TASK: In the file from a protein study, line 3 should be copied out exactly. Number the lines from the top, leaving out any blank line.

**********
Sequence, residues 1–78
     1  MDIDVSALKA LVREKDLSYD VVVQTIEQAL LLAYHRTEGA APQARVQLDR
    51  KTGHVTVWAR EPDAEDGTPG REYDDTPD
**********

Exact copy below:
    51  KTGHVTVWAR EPDAEDGTPG REYDDTPD